Reading and correcting student writing is likely the least favorite activity of college teachers. But help is on the way, according to an article in The Hechinger Report by Annie Murphy Paul. Please have a look.
Controversy still exists about the utility of robo-reading software for grading. However, evidence is mounting that such programs are quite good at reading essays and providing feedback to students on proper grammar and punctuation. The new technology appears to be vastly superior to grammar-checkers in word processing software.
Interestingly, students are more likely to follow up and persist when it's a machine making the corrections rather than a teacher, according to researchers.
Some faculty members believe such pedagogy merely enables students to submit sloppy work the first time, since mistakes are so easily fixed. It does resemble a game, but with higher stakes. A few years ago, some wise guy submitted the Declaration of Independence and the Gettysburg Address for machine scoring. Jefferson and Lincoln were rejected as inferior writers. No wonder those boys never amounted to anything. Also, it's entirely possible to compose a sentence with no grammatical errors ("Dude, you suck!") that doesn't measure up, for a variety of reasons. That's where the grading comes in, and the need for a teacher.
Here's an interesting passage from the article:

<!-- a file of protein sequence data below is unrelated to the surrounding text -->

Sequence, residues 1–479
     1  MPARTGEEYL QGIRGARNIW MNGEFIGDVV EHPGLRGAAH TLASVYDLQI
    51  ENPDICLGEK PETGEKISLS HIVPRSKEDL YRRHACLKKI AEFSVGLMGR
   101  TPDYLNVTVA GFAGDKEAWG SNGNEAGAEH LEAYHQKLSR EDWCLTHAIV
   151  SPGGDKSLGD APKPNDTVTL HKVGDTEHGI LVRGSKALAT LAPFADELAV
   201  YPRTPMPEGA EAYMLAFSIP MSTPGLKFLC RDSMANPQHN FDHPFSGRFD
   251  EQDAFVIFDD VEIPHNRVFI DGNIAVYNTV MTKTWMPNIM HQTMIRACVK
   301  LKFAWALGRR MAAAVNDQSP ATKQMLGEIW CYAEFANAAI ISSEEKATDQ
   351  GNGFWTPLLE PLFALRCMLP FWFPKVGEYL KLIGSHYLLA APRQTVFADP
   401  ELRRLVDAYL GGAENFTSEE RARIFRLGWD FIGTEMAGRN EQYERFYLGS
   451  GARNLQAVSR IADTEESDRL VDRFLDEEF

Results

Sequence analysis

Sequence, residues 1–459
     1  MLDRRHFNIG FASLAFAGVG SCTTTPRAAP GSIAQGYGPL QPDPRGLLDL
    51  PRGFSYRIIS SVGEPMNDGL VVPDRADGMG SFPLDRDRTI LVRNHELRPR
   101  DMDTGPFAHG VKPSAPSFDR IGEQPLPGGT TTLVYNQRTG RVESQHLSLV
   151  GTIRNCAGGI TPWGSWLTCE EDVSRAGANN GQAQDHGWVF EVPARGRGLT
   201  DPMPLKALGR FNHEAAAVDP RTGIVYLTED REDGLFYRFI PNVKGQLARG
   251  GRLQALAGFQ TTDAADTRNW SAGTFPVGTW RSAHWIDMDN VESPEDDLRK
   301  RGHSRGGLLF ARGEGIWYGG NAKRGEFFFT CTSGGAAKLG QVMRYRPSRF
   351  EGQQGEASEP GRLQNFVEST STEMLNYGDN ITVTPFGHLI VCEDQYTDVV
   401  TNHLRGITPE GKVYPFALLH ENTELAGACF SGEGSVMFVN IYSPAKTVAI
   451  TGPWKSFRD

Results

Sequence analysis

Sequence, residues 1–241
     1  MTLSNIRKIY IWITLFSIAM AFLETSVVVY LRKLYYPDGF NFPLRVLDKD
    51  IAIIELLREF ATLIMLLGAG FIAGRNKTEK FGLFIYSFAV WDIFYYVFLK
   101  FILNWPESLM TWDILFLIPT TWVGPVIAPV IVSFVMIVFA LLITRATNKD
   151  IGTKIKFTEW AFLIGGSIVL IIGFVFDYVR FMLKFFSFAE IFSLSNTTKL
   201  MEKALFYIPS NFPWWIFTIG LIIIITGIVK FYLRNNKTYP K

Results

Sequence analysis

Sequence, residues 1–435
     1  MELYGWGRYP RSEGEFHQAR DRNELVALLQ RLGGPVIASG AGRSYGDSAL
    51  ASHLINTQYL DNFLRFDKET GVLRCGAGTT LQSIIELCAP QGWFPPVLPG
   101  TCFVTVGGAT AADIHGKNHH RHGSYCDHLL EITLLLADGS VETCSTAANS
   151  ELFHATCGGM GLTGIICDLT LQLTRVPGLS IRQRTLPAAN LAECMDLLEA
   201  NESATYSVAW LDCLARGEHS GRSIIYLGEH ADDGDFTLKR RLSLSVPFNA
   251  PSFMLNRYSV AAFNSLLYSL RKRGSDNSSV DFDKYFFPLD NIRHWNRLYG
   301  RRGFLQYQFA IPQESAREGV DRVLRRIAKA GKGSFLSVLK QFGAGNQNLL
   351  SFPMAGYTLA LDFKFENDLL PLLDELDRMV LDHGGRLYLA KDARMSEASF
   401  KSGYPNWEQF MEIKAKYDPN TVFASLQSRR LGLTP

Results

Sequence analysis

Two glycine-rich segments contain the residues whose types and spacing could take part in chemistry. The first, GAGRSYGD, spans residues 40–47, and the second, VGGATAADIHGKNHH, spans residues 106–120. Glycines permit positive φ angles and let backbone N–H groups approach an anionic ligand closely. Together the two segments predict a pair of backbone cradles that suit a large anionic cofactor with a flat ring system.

The computer program appeared to transform the students’ approach to the process of receiving and acting on feedback, [researchers] El Ebyary and Windeatt report. Comments and criticism from a human instructor actually had a negative effect on students’ attitudes about revision and on their willingness to write, the researchers note. By contrast, interactions with the computer produced overwhelmingly positive feelings, as well as an actual change in behavior — from “virtually never” revising, to revising and resubmitting at a rate of 100 percent. As a result of engaging in this process, the students’ writing improved; they repeated words less often, used shorter, simpler sentences, and corrected their grammar and spelling. These changes weren’t simply mechanical. Follow-up interviews with the study’s participants suggested that the computer feedback actually stimulated reflectiveness in the students — which, notably, feedback from instructors had not done.